More to do with geo-politics than cycling, I suppose. 8)

Or, maybe some of us (mostly me I guess) are not so keen on buying that chinese vase not so made entirely in not China after all?

Ciao, ;)
Being a snob is an expensive hobby.

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HammerTime2
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Location: Wherever there's a mountain beckoning to be climbed

by HammerTime2

Campagnolo manufactures some products in Romania - deal with it. I think all mid to high end stuff is made in Italy or Romania, but believe some other items are made in Taiwan, although I'm not sure that's in Campagnolo-owned factories.

http://www.campagnolo.com/jsp/en/corporate/index.jsp
http://www.bicycleretailer.com/international/2011/11/10/campagnolo-opens-second-romanian-factory
http://www.cyclingweekly.co.uk/news/latest/509432/valentino-campagnolo-the-big-interview.html

Image

Edit: meant "I think all mid to high end road stuff is made in Italy or Romania"
Last edited by HammerTime2 on Sun Mar 10, 2013 3:50 pm, edited 1 time in total.

Northoceanbeach
Posts: 137
Joined: Thu Jul 12, 2012 11:12 pm

by Northoceanbeach

Well, I was just in chatting at a pro campy bike shop in Boulder and they told me Campy was made in Italy. I guess they were kinda wrong.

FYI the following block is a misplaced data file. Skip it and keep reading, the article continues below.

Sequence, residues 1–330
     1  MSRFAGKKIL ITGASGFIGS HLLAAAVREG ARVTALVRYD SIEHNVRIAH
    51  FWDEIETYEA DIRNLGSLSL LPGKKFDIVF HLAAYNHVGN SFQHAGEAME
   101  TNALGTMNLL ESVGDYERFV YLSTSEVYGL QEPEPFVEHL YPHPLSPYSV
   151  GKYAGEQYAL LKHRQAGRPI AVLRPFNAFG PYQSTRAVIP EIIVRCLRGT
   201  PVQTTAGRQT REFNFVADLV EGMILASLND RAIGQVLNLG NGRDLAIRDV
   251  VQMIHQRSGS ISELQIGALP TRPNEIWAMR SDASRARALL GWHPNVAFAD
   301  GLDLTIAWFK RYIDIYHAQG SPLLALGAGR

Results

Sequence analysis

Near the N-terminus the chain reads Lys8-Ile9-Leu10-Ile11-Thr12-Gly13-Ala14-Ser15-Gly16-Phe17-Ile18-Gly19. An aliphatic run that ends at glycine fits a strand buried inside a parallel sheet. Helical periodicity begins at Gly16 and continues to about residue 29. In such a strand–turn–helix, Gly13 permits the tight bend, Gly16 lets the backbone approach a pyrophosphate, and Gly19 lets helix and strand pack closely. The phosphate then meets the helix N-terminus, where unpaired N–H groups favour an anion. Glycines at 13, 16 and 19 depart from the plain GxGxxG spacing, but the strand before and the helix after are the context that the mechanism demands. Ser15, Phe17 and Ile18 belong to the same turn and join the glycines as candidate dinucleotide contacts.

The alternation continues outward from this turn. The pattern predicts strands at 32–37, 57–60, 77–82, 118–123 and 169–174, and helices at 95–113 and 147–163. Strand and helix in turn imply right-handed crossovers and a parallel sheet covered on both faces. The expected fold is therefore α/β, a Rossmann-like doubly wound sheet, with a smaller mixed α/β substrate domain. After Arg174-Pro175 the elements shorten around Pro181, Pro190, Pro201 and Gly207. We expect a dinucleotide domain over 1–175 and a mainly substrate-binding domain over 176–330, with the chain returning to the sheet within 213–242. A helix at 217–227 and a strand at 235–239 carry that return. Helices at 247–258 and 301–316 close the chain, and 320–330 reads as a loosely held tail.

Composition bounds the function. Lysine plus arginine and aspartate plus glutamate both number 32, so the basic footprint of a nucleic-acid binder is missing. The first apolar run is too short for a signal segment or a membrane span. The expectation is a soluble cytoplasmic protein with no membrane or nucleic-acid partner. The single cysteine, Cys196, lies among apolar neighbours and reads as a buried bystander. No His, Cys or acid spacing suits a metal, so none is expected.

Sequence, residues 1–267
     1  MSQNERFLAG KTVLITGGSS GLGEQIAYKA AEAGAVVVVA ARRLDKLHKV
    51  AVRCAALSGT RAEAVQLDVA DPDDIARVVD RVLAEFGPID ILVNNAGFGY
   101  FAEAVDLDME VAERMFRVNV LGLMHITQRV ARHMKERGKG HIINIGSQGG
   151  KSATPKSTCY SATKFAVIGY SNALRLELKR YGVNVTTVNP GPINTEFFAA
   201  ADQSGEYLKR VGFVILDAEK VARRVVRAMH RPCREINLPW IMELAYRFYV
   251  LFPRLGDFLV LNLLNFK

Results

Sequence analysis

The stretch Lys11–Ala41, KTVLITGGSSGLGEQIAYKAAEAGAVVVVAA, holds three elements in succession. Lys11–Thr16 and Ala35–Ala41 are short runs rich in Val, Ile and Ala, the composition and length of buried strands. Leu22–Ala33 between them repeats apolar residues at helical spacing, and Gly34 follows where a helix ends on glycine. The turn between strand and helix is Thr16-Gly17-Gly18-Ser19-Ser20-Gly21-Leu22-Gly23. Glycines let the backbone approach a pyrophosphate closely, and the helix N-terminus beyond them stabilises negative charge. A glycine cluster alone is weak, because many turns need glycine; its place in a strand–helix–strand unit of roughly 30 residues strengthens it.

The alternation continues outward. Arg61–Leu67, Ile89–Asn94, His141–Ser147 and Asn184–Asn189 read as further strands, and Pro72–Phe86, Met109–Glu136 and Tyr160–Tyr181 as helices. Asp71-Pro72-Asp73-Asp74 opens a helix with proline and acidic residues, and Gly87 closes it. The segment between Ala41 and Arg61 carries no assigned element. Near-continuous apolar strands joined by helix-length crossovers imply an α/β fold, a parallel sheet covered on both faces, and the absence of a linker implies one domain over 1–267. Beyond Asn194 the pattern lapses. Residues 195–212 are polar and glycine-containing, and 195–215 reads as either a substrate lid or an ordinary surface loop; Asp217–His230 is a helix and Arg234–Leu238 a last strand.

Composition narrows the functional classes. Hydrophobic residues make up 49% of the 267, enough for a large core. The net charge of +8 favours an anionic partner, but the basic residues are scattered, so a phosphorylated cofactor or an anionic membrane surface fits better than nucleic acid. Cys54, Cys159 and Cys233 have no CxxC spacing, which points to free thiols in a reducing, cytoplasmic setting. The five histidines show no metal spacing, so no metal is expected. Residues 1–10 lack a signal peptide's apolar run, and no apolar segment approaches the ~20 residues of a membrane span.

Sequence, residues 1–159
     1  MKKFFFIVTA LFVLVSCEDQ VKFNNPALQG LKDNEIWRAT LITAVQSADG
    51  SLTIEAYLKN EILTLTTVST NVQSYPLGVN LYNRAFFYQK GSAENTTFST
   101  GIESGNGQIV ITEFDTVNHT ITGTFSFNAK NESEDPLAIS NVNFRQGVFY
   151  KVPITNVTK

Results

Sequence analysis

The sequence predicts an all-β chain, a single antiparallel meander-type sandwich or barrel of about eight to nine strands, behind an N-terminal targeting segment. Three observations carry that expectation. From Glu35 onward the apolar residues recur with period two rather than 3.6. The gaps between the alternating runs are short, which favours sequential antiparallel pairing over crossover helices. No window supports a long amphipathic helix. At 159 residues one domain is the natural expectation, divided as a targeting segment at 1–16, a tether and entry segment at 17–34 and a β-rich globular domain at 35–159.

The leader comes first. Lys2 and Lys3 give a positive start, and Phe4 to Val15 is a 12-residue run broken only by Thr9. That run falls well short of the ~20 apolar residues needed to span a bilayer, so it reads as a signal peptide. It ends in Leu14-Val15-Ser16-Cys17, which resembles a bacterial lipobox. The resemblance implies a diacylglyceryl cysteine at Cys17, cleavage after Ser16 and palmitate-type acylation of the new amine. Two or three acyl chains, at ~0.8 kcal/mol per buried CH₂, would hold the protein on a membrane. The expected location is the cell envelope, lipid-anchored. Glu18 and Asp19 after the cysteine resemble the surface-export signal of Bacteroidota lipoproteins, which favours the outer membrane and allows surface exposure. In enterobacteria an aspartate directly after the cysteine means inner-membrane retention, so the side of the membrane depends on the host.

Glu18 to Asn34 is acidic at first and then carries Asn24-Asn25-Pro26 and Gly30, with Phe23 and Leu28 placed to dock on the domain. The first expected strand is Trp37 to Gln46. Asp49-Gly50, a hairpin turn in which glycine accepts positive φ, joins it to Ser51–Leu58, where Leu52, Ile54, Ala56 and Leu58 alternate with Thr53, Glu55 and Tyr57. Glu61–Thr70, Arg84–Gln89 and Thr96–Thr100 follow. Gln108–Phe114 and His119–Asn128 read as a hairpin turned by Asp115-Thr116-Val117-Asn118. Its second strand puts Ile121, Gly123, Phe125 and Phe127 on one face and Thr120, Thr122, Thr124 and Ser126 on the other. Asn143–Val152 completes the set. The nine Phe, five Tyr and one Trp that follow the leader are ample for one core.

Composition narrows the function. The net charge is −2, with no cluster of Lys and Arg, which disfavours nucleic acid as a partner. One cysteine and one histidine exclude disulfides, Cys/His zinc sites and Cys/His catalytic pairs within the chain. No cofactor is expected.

No reason they should charge a premium if it isn't. I'll look into it, and if so it will lower it on my list.

ticou
Posts: 459
Joined: Mon Mar 19, 2012 3:31 pm

by ticou

All Shimano is made in central Tokyo for quality control of course, and that huge factory Mavic use in Romania only makes break cables .Of course. My Mavic elites say made in Romania, but I'm sure the blond blue eyed French expert wheel builder with a PhD in bike design only stuck the label on for a joke as he lovingly spent the whole weekend working on my wheelset in his state of the art workshop situated by the limpid waters of Lake Annecy. This is why the w/set cost £450, whilst my Zonda's, made in third world Vicenza, cost only £250.

davidalone
Posts: 590
Joined: Fri Feb 10, 2012 4:27 pm

by davidalone

Northoceanbeach: